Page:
> I know the boat has probably sailed by now on this thread, but as far as I
> saw nobody has thrown in what I was going to say.
> A simple blanket statement like "Design for understanding, logic and
> maintenance, not performance." is a little too glossy.
> You can't put all database usage into the one basket like that. Some
> applications rely on a database purely as a backend, thus, a convoluted
> extremely high performance design may be favoured over a logical but
> performance one. Some applications will rely on logic and user
> to ensure that data is preserved and stored correctly, therefore a more
> logical layout will be favoured over a confusing one that may perform
> somewhat better. In the end it's up to the database designer to make the
> right decision as to what's most appropriate for the application.
> "If you need more performance, throw more hardware at it"
> You will find that in many situations throwing more hardware is _still_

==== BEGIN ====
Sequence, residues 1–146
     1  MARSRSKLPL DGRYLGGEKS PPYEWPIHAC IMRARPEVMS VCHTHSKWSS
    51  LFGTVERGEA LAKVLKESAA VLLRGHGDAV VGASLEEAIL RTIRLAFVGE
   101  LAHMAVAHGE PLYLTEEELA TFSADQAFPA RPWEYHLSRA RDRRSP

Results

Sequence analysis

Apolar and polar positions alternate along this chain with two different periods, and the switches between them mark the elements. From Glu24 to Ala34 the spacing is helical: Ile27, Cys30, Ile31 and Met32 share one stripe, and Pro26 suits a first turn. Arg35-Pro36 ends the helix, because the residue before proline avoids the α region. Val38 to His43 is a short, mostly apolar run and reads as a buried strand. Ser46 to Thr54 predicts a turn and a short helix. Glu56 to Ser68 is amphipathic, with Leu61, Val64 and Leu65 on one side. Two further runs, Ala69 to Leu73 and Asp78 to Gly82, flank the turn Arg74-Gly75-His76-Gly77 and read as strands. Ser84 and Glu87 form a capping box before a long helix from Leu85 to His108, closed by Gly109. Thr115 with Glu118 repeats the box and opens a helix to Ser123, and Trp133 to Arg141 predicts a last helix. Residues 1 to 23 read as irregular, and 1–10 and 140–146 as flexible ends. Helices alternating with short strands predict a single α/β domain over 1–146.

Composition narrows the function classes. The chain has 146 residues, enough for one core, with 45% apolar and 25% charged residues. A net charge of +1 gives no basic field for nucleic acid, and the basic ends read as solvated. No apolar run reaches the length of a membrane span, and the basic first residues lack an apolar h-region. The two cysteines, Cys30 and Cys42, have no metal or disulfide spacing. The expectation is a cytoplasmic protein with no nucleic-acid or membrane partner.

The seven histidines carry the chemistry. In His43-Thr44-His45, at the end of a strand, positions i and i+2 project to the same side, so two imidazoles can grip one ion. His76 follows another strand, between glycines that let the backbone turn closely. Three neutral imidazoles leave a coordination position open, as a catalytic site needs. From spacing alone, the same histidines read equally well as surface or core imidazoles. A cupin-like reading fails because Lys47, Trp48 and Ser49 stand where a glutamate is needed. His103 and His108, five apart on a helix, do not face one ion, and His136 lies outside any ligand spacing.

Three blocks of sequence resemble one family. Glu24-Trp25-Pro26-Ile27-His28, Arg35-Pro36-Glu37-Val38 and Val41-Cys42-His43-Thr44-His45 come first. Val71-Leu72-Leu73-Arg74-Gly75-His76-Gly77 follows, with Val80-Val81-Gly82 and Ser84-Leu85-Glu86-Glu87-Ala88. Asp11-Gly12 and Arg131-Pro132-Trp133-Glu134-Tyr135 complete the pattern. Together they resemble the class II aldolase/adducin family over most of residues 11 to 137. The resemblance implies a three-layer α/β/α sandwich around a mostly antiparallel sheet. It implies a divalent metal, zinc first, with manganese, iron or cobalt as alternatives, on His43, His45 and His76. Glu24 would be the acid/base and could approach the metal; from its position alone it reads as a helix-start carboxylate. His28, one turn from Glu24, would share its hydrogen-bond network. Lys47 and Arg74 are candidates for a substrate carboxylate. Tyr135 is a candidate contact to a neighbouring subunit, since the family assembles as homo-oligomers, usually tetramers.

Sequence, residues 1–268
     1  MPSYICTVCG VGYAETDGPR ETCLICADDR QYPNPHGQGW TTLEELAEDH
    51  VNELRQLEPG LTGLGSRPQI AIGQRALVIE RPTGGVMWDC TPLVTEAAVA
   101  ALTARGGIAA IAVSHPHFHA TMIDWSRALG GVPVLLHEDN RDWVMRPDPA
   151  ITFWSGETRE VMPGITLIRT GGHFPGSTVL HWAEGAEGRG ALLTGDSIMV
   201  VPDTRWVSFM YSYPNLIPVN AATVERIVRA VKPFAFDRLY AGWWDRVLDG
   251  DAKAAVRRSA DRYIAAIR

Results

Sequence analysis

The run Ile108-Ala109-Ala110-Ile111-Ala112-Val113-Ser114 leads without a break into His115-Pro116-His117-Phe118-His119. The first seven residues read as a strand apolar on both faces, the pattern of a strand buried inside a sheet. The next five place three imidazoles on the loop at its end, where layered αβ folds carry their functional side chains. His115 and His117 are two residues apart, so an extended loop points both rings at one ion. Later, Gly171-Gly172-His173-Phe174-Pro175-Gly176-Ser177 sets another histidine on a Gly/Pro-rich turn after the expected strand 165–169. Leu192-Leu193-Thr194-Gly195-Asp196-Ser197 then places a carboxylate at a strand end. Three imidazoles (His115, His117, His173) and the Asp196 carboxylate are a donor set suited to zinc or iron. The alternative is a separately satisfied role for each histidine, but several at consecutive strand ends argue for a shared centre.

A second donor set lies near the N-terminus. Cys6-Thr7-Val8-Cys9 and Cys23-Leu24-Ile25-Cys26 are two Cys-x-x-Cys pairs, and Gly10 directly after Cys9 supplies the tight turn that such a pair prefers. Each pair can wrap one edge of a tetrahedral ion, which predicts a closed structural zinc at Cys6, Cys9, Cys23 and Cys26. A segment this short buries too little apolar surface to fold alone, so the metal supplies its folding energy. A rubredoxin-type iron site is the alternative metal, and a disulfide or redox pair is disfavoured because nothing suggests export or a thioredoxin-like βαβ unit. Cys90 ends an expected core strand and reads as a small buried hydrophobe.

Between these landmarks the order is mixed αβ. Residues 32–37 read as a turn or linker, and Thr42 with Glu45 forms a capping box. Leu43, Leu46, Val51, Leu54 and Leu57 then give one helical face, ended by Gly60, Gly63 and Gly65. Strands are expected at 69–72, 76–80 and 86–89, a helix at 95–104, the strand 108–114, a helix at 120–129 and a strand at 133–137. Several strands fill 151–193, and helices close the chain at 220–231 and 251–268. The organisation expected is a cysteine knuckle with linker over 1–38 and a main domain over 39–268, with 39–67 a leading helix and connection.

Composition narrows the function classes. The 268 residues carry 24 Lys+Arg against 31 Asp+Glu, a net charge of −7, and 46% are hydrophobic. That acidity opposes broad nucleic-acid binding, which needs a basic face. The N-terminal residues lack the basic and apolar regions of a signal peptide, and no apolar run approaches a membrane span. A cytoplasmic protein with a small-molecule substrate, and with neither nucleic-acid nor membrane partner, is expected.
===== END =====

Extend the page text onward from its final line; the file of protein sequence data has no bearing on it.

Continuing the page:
> going to help. Optimizing your queries, application, tuning your server
> database design is where it's going to count most. With optimizations in
> these areas only you can cut a query that took many hours previously down
> sub second, adding more hardware in this situation is still going to leave
> you with an undesirably high execution time.
Of course, "more hardware" is after optimizing queries, indices, cache
> While I understand where you're going with your comments, I think it's
> important to make sure people know these things.
Sure is. Of course, I also had performance problems once
(with an Oracle application) and we had to resort to different
ways of doing things, by I always/still stand by my statement
that you should not design for performance, but logically
and for maintenance and understanding etc...
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